Do Grades Really Matter to a Recruiter?

by Jenna Blair on April 15, 2015

Do Grades Really Matter to a Recruiter? If you’ve ever conducted an internet search with the words “do grades really matter to employers” while job hunting, you likely emerged more confused than when you started. Some results insist good grades are essential to getting a great job; some say they’re irrelevant.

So here’s the definite answer to the question, “ do grades really matter to a recruiter?” Yes. And no.

While grades don’t tell the whole story about a candidate, they’re definitely a chapter worth skimming. In the end, though, the total package means more than the numbers. The ideal candidate has it all — real-world experience through internships, impressive grades from a respected school, leadership and teamwork abilities, good communications skills and more.

Presenting the Total Package

So how do you decide which qualities and achievements to display? According to the Job Outlook 2015 survey from the National Association of Colleges and Employers (NACE), employers seek several attributes on a prospect’s resume.

When asked what they look for in a candidate, the largest group of respondents (77.8 percent) chose both “leadership” and “the ability to work in a team structure.” Other prized attributes were communication and teamwork skills, a strong work ethic, initiative and flexibility.

However, internships are also widely identified as the most important factor in evaluating a candidate. Showing you’ve done real-world work in a real-world setting is invaluable. The next priorities were employment during college, college major, volunteer experience and extracurricular activities. GPA was seventh on the list.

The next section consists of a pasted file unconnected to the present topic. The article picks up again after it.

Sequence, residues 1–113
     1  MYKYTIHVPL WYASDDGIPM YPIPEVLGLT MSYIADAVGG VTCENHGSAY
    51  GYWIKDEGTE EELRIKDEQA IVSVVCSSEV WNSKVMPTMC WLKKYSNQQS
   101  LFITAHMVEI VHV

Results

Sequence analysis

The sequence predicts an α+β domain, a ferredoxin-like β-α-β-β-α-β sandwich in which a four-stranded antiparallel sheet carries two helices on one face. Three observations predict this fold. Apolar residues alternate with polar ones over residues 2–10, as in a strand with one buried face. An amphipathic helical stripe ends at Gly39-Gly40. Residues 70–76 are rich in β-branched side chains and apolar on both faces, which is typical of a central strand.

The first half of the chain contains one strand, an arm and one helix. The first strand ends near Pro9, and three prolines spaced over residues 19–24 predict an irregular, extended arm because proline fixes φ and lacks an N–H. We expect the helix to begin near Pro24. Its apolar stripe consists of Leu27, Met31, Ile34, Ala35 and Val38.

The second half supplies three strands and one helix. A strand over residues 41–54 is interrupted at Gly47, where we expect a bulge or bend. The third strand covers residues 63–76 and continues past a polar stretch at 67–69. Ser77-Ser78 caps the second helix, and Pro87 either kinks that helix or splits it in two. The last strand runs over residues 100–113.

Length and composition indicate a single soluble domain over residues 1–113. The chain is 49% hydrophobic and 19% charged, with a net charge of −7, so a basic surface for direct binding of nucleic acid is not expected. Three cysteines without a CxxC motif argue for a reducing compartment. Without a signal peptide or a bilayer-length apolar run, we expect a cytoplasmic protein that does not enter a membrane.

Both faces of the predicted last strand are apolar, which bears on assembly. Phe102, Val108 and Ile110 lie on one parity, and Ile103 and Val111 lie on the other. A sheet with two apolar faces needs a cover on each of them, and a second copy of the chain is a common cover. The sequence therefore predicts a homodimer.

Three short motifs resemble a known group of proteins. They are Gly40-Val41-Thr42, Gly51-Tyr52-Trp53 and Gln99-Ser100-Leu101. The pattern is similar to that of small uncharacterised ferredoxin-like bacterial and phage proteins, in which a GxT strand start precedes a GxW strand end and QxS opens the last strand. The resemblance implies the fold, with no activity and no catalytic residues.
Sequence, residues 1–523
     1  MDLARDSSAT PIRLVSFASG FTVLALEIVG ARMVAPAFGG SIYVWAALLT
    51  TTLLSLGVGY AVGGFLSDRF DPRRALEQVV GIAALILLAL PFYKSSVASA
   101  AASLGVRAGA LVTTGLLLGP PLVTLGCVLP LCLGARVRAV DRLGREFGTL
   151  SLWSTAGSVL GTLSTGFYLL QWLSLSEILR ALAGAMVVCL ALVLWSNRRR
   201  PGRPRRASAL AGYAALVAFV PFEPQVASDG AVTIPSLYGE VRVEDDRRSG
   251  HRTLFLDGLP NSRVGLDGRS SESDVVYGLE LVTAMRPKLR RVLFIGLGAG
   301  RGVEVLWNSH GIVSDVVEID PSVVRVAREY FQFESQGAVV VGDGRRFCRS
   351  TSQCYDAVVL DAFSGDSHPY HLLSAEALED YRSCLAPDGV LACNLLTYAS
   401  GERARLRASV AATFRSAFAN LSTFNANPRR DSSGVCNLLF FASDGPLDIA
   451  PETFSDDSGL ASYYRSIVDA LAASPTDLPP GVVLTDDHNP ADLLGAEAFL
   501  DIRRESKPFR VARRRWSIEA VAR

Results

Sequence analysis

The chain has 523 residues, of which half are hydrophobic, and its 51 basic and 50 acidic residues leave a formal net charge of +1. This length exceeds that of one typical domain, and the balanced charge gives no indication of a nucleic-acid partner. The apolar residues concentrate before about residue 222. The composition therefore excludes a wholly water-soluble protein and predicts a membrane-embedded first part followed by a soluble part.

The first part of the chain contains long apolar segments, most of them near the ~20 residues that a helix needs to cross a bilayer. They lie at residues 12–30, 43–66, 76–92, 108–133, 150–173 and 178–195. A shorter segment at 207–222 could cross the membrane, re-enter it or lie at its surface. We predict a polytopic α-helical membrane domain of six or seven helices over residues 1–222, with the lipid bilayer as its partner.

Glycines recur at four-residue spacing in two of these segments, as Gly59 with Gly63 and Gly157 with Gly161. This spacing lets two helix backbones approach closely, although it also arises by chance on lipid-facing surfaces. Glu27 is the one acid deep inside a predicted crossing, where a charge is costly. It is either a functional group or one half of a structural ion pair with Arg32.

Grades Reflect Effort and Knowledge

The larger the company, the more likely you’ll be asked to share your GPA during the submission process. Another recent NACE survey shows that 67 percent of companies screen by GPA. A strong GPA signals responsibility, commitment, time management and intelligence to many employers.

Engineering and architecture programs are academically intensive, and prospects need technical ability to succeed in this environment. Good grades increase the chance a candidate has a strong foundation of knowledge, as well as a high level of effort and attention to detail.

What to Put on Your Resume

True, we haven’t technically answered the question of whether grades matter. That’s because there is no conclusive answer. Every recruiter sees things differently, and every job demands its own set of priorities. However, some attributes are universally valued, so be sure to emphasize a few key things that could position you well with any company:

  • Grades: No matter your GPA, it’s a good idea to include it. You’ll be asked about it at one point in every interview process, so be up front with it. Make sure to list any academic honors you’ve achieved, as well.
  • Work experience: Ideally, this is an internship in the field you’re interested in, but any experience can demonstrate skills you’ve acquired, an ability to multitask or experience working well within a team.
  • Leadership roles: We value people that can take initiative and demonstrate a strong sense of ownership and responsibility.
  • Extracurricular activities: We’re always looking for well-rounded team members who have varied interests outside the classroom. Show us what you’re passionate about.
  • Problem-solving ability: The more specific the better. If, during an internship, you improved productivity on a project by 25 percent, we want to know how. This is the kind of instance that can help offset a less-than-stellar GPA.
  • Fit within the company culture: Many employers have a defined culture, and they want to hire someone who would be a great personality fit, too. Who doesn’t want someone who will gel with the team and its values? Our culture, for example, centers on employee-ownership and an entrepreneurial approach. If you think you’d fit in, show us how!

What do you think — are grades or other attributes more important for job seekers? Comment below or join the conversation on our Careers Facebook page.